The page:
Pop Culture And Sexuality

By Gareth Trew

Gaga. Madonna. Bowie.

In late 2007, at Carnegie Hall, New York, J.K. Rowling announced to over 1500 youngsters – and subsequently the world – that Albus Dumbledore was gay. Her audience’s reaction was a prolonged explosion of applause, so forceful it elicited her famous response, “If I’d known it would make you so happy, I would have announced it years ago”.

Whilst there followed, naturally, a storm of controversy and debate – fuelled largely by conservatives of Bill O’Reilly’s ilk – much of the response throughout the Western world was resoundingly positive: at last, a brilliant, well-loved major character who just happened to be gay, and in mainstream children’s literature! This is a good indicator of how considerably perceptions – not just of what it means to be gay, but of sexuality as a whole – have changed. Acceptance of female sexuality, for example, has reached the point that women are, in principle, as free to claim and express their sexual side as men. A large part of the credit for this shift must go to pop culture and its influence.

Pop culture has been so effective in generating change, because of its role in bringing sexuality out of the obscurity of taboo, into the mainstream. The more heavily pop culture incorporates sexuality the less sensitive society becomes, which is a significant step towards realising equality. Remove fear, and understanding begins to be possible.

Secondly, many leading pop culture contributors – David Bowie, Elton John, Madonna, to name a few – have campaigned for it, and the platform created by wealth and fame is such that a prominent pop icon can be confident that their message will be well heard. Furthermore, these people are usually looked upon as role models particularly by the youth, who tend to drive social and political reform.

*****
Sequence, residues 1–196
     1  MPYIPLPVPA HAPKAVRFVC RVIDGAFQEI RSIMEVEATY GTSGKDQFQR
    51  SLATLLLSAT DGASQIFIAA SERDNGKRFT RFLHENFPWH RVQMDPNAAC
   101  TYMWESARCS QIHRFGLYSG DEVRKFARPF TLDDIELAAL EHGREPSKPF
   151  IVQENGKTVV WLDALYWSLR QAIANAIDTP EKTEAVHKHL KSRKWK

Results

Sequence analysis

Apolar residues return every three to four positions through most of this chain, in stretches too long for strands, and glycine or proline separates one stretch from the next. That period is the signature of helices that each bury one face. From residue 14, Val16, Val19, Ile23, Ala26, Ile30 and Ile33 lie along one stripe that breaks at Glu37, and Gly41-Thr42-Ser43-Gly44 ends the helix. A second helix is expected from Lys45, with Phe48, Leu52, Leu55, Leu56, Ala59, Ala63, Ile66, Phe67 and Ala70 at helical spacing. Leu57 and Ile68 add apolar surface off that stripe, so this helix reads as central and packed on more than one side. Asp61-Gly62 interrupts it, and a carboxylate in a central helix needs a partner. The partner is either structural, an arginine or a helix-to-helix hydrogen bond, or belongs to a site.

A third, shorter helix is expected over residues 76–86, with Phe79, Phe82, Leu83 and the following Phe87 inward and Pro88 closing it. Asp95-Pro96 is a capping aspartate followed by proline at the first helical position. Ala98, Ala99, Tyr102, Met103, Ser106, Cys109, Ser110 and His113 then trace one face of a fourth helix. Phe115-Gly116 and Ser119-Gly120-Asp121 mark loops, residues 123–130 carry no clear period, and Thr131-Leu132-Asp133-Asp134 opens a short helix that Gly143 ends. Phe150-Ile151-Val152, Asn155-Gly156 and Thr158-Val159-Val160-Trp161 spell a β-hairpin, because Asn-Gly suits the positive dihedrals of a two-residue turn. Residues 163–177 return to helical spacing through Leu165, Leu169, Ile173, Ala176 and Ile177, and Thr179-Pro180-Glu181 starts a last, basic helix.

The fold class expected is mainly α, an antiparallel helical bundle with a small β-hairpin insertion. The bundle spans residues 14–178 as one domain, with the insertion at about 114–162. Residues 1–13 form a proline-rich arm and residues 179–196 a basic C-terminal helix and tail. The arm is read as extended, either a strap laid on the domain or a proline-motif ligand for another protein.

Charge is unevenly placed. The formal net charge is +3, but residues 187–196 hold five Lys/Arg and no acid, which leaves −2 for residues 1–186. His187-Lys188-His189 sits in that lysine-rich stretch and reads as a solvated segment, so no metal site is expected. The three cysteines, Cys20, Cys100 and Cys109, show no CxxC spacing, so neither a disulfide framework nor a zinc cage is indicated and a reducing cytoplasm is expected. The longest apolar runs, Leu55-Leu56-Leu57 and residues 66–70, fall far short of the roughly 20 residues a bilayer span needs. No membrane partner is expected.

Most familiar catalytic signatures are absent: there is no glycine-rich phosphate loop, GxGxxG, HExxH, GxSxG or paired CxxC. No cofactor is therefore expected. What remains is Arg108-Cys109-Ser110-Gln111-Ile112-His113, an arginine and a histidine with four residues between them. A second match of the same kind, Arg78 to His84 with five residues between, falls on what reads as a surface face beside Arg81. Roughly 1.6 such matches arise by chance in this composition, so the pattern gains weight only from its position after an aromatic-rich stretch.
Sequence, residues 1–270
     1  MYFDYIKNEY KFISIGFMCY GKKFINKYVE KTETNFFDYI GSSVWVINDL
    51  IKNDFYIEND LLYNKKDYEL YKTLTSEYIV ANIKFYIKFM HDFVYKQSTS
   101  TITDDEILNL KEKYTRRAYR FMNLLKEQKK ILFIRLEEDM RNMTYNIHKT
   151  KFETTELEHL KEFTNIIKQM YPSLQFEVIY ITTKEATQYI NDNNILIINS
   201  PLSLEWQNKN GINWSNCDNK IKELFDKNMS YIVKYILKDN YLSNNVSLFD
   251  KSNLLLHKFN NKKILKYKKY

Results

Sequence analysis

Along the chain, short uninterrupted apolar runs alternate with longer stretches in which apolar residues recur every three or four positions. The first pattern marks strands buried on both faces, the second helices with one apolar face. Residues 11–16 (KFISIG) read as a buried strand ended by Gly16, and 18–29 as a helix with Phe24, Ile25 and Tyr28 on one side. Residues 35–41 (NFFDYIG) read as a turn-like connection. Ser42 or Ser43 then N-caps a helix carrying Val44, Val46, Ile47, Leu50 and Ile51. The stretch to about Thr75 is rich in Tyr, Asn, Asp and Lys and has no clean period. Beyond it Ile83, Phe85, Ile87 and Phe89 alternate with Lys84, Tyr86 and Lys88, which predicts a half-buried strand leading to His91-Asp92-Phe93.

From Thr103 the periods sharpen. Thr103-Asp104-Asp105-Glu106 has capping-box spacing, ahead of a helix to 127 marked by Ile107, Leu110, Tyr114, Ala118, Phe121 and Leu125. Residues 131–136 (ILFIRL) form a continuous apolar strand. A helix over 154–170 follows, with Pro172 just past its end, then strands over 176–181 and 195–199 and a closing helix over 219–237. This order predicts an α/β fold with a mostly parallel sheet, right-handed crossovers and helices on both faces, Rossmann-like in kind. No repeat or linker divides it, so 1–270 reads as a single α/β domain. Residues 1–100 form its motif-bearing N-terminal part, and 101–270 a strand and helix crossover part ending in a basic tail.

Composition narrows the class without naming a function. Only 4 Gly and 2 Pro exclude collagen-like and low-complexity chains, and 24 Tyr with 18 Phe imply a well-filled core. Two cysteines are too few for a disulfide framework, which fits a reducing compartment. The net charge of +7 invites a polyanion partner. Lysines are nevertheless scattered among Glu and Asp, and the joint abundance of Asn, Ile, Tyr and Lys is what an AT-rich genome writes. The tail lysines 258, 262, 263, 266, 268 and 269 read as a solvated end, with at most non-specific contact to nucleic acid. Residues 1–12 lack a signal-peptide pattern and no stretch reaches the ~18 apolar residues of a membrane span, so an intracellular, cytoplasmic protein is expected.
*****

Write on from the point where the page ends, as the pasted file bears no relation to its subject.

Lady Gaga – possibly the most influential contributor to pop culture at present – has long been an outspoken advocate of sexual liberation, particularly championing the rights of gays. Recently, she campaigned against America’s absurd Don’t Ask Don’t Tell policy (which prohibits gays from serving openly in the military*), and she has also joined fellow pop culture icons Cynthia Nixon and Ellen DeGeneres in fighting not only for the legalisation of same sex marriage in America, but for greater support for LGBT youth. The efforts of all three women have garnered notable media attention, helping to bring the issue well into the mainstream.

Combining these elements creates quite a position of power for the person with a mind to wield it, even more so today, given the universal popularity of social networking sites like Facebook and Twitter. Lady Gaga, for instance, is followed on Twitter by over 7,000,000 people around the world. She has an enormous, constant audience – and she is one of many to boast such a following. Public opinion throughout the Western world is shifting accordingly: in Australia, for example, recent polls suggest that more than 60% of the populace supports same sex marriage. Obviously, I’m not proposing that the former is solely or even predominantly responsible for the latter – the battle for LGBT equality has been a long one, fought by many people from all walks of life. However, the fact remains that the influence of pop culture on public perception is considerable and ongoing.